Firstly, according to the BIPs, Taproot is introduced, which is a code change that is designed to increase privacy of the coin. With this code, all transactions on the blockchain look the same to outsiders, which would basically mean that one user’s transaction would be indistinguishable from another’s. What this means also is that Taproot would hide Bitcoin users’ advanced payments, so that any complex payment would seem like any other, mundane one.
However, Taproot will likely not come alone. To accomplish a lot of what’s been said, this code needs to be bundled together with an upgrade called Schnorr. This is a soft fork that developers have been working on for years. Schnorr is relevant, since it furthers the already utilized technologies that are protecting users’ privacy, but would also assist scalability improvements to Bitcoin, and increase speed. Together with Taproot, this upgrade would allow signature data to be mashed together into one, and with it, encoding multiple keys into a single key.
Because there are quite a few changes to the cryptocurrency that have been discussed over the years, bitcoin might be rolling them all out in a bundle. This would include the Merkelized Abstract Syntax Trees (MAST). This upgrade improves privacy and scalability as it makes complicated smart contracts become very small in size, that way reducing demand on block space. Furthermore, as only a small part of the smart contact is actually revealed to the public blockchain, it becomes more difficult to analyze, while the users’ privacy is increased.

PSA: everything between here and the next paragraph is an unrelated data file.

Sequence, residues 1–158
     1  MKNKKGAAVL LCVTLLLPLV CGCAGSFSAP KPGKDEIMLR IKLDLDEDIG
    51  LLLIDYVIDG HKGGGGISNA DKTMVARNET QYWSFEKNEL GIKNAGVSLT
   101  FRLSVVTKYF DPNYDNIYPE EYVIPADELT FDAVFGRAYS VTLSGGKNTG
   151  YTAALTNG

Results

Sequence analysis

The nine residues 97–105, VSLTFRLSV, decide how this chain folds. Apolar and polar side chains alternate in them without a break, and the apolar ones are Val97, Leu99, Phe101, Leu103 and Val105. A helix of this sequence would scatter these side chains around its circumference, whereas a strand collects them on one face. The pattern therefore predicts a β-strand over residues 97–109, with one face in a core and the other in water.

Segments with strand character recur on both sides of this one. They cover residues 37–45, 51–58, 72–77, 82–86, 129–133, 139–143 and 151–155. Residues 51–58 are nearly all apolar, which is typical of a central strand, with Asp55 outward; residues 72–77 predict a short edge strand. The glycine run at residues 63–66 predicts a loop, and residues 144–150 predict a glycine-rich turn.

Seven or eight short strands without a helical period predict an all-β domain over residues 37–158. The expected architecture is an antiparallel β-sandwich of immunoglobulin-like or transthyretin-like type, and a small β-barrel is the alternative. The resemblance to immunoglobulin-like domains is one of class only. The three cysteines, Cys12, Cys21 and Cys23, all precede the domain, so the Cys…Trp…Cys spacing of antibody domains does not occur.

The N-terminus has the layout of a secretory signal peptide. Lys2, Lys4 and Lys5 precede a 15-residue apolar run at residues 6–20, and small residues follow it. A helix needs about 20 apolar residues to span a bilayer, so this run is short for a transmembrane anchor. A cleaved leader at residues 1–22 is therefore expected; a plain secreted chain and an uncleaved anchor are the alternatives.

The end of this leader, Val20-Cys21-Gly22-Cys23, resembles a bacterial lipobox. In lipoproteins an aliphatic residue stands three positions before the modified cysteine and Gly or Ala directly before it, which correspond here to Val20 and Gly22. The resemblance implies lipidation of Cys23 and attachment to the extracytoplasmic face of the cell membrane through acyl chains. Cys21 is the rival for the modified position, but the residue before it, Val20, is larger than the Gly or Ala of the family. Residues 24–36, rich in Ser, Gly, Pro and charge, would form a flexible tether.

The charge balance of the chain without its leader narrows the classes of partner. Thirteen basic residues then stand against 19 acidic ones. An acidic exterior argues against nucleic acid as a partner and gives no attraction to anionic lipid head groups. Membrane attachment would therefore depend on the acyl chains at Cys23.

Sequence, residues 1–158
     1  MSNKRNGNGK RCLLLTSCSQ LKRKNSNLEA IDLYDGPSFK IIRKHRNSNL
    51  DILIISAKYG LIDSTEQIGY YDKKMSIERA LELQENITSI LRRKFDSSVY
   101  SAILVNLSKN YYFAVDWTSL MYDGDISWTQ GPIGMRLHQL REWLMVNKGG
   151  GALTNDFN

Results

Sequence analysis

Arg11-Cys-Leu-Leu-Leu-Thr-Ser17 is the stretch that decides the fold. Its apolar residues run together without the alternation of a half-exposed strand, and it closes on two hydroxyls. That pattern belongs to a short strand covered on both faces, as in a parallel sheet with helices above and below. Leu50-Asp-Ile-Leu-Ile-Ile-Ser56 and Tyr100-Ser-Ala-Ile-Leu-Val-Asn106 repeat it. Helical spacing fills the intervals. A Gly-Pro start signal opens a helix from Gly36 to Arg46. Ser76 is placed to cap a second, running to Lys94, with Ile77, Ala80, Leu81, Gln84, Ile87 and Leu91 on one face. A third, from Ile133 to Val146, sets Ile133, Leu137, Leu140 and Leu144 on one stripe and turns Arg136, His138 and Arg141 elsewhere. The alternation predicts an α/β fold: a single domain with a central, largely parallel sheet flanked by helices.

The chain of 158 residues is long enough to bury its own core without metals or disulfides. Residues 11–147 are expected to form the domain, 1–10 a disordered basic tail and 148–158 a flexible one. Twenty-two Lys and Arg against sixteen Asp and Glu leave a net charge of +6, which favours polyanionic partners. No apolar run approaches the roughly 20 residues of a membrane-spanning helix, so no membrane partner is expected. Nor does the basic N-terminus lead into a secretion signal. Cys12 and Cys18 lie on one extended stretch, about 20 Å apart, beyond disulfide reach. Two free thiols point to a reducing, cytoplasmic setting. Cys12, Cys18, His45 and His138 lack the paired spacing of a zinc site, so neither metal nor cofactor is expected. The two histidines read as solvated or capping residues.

It’s relevant to note that all these technical details are made available to the public, so that any developer in the community can voice out their agreement or disagreement with the changes, and the vote of the community decides on whether the changes will eventually be implemented or not.
Wuille also said in a BIP, that “While many other ideas exist, not everything is incorporated. This includes several ideas that can be implemented separately without loss of effectiveness.”
Meanwhile, Bitcoin's activation of the Segregated Witness (SegWit) upgrade in August 2017, has brought an increase in network transaction speeds and lower transaction fees, while the Lightning Network continues its developments, making transactions faster and more convenient.
Interestingly, in April of this year, Bitcoin Cash announced an update for May 15th, which includes Schnorr signatures.